Charging into town: Momentum lifts Columbia State into World Series

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QUICKREAD

Columbia State 
Community College

Coach: Mike Corn, 5th season, record n/a

District: East Central

Record: 45-12

Mascot: Chargers

JUCO appearances: 7; 1970, 1972, 1973, 1978, 1982, 1997, 2014

Leading hitters: Tyler Fullerton (.421, 9 2B, 6 3B, 9 HR, 57 RBI, 19 SB); Sam Few (.359, 15 2B, 3 3B, 4 HR, 42 RBI, 2 SB); Desi Ammons (.353, 11 2B, 1 HR, 25 RBI); Ronnie Jebavy (.352, 11 2B, 5 3B, 1 HR, 26 RBI, 11 SB); Riley Delgado (.348, 6 2B, 1 3B, 40 RBI, 2 SB).

Leading pitchers: Scooter Hightower (10-1, 2.02 ERA, 18 BB, 76 SO, 93.2 IP); Tyler Stewart (7-0, 2.08 ERA, 41 BB, 52 K, 73.2 IP); Cody Puckett (5-0, 2.80 ERA, 39 BB, 58 K, 61.0 IP); Jake McDougal (3-0, 2.56 ERA, 11 BB, 27 K, 45.2 IP); Kierce Kimbel (1-2, 5.34 ERA, 10 BB, 27 K, 28.2 IP).

Athletic website: http://www.columbiastate.edu/athletics

Twitter: @columbiastate; @CoachMikeCorn

Facebook: https://www.facebook.com/pages/Columbia-State-Baseball/1400397526884278



The first word coach Mike Corn uses to describe East Central District champion Columbia State Community College (Tennessee) is “offensive.”

The Chargers (45-12) averaged nearly eight runs per game this season, and seven starters are hitting at least .330.

But Corn saw an entirely different side of his team during the regional and district tournaments. The gloves came out for the Alpine Bank Junior College World Series-bound Chargers, with momentum from one big play carrying into another.

The other key, Corn said, was the bullpen finding some previously undiscovered depth.

“We’re situational with our pitching, especially our bullpen, a lot more than other teams,” Corn said. “We’re not afraid to bring a guy out there for one batter, or two-thirds of an inning, or whatever we think works. We have kids in specific roles, and they thrive in those roles. I think we do a good job of getting guys into situations where they’re going to get outs for us.”

Of the 14 pitchers on the Columbia State roster, half have thrown at least 28 innings pitched. The lowest amount of appearances on the roster is four, and the majority of pitchers have appeared in at least 14 games.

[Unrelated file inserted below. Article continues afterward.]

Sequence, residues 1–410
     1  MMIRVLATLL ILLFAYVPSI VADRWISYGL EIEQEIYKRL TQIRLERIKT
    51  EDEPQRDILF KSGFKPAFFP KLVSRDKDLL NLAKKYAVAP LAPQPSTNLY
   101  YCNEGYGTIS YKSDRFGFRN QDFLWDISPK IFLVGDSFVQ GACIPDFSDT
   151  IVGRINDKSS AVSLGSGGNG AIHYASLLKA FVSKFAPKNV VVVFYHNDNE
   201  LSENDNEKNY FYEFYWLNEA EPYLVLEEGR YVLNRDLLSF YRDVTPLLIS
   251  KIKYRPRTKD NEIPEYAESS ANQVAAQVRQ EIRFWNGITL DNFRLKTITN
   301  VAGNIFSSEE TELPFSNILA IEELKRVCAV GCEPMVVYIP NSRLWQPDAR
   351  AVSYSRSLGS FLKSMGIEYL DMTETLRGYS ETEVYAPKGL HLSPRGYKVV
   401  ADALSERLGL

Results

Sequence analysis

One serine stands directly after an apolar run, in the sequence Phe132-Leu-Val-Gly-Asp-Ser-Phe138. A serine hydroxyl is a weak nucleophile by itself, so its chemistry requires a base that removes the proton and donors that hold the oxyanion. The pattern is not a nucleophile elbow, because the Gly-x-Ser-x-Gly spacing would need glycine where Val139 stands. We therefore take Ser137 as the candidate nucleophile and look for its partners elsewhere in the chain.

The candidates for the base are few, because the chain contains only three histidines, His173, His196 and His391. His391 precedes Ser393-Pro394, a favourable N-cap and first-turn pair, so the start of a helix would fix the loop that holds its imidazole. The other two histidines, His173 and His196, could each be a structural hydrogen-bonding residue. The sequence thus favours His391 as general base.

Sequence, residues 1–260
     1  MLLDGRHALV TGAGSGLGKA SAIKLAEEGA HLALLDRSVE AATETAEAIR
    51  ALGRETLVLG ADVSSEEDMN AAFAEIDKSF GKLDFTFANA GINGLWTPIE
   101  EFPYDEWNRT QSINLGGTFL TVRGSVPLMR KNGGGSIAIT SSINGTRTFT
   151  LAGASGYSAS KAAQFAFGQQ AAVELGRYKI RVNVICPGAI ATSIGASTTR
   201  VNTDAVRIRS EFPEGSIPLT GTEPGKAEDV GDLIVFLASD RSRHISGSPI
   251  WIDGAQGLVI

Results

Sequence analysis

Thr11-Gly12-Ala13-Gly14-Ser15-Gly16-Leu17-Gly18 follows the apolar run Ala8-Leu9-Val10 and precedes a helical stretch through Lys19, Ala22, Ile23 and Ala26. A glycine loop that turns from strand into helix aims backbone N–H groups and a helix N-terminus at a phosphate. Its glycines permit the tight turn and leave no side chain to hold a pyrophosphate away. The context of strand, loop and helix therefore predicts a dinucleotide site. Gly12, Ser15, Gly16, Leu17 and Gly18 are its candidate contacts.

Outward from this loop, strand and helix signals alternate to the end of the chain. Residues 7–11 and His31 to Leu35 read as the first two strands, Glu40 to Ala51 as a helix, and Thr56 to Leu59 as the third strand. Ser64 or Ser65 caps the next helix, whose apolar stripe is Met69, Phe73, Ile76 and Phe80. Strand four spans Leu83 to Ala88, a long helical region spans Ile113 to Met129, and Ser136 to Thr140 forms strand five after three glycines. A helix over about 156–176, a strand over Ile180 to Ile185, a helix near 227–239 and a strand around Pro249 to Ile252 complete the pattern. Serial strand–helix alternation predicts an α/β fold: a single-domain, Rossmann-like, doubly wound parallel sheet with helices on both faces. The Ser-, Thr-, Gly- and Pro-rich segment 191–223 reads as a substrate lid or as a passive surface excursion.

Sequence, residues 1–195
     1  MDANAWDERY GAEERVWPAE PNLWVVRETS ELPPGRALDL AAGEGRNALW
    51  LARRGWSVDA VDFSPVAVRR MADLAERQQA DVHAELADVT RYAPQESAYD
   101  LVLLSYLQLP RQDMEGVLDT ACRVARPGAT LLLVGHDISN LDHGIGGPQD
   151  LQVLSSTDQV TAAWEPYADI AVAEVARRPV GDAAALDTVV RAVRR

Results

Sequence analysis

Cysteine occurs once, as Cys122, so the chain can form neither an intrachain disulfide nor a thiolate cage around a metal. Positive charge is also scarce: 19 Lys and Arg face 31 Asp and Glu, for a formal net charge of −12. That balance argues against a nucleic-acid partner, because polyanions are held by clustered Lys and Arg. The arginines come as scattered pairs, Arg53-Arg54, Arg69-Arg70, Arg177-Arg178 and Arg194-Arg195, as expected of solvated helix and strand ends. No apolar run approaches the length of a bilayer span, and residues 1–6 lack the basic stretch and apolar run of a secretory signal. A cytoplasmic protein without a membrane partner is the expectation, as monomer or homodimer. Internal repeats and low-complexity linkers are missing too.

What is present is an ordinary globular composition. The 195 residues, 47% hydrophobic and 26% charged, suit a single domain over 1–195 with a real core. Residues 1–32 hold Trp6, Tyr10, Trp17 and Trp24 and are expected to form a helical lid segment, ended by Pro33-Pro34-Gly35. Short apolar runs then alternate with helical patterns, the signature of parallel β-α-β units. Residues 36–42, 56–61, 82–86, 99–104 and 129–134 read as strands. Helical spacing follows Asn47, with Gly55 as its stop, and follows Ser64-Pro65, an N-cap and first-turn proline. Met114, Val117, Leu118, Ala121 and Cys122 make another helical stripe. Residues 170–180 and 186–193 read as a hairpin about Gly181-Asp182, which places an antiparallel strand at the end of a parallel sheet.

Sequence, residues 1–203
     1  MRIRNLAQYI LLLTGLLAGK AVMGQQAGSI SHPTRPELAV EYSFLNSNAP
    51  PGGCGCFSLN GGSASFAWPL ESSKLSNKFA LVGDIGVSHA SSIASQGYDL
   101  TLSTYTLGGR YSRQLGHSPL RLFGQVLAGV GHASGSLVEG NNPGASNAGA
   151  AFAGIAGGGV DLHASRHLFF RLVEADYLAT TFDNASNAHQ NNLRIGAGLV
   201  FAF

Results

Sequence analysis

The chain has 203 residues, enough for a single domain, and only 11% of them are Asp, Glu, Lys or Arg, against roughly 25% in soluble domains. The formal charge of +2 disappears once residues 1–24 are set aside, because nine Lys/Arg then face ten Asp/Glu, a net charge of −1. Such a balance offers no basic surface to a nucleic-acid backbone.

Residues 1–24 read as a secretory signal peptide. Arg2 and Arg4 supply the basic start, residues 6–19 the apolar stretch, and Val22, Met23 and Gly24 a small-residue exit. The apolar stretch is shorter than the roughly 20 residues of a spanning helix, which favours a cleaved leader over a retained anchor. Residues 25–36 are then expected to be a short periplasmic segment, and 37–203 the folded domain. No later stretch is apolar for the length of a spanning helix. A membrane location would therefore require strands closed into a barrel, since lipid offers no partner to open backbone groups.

Kierce Kimbel, a Austin Peay State University (Tennessee) recruit, came on strong late in the season.

Although the 5-foot-10, 190-pound right-hander has struggled at times, his Division I talents have made him a shutdown reliever during both the regional and district tournaments.

The offense has kept the bullpen out of high-pressure situations, with relievers picking up only two saves this season.

Scooter Hightower has been the ace of the Chargers’ staff, pitching 93 2/3 innings with a 10-1 record and a 2.02 ERA. In that span, Hightower has struck out 76 batters and walked only 18.

Of the 30 runs he’s given up, only 21 are earned.

But a defense that once was bumpy evened out later in the season. Corn said his team has improved defensively later in the season, culminating in strong defensive performances in the district tournament that Corn said “really captured momentum for us.”

Second baseman Tyler Fullerton, who hits second in the lineup, is Columbia State’s leading hitter at .421. He has six triples and nine home runs.

Fullerton, a sophomore who will attend Belmont University (Tennessee) next year, has a team-high 19 steals without being caught.

Ronnie Jebavy, a sophomore center fielder who is committed to Middle Tennessee State University, is hitting .352 with 11 stolen bases.

As a group, the Chargers have piled on the extra-base hits. They’ve compiled 101 doubles and 36 doubles, demonstrating gap-to-gap power rather than swinging for the fences.

Columbia State last qualified for JUCO in 1997, with seven total appearances, including four trips in the ‘70s.

But the Chargers also fell one game short in 1994, when Corn was a player at Columbia State.

“When I played here, it was best-of-three at districts,” Corn said. “We fell a game short, and I still remember that feeling. But to get to Grand Junction, it means a lot to these coaches and all the former players. We’re just happy to have a chance to represent this school and the baseball tradition that we’re just so proud of.”

It took some time for Columbia State to round into shape, however.

The Chargers started the season 2-6 before winning nine straight.

“I think once conference play started, that’s when we really got going,” Corn said. “We had a big series sweep over Chattanooga State and our pitching looked really good through that. Outside of one bad series against Jackson State, which we took as a slap in the face, we’ve really been red-hot through our conference games.”

Since the Jackson State series, Columbia State has been successful in every aspect of the game. The Chargers have won 15 straight heading into JUCO, and have won 33 of the past 35 games.

It hasn’t mattered if it’s been low-scoring defensive wins like the three games in the district tournament, or a 14-0 midseason blowout.

“We’ve really responded to everything that’s been thrown at us,” Corn said. “Our entire team is driven to compete.”

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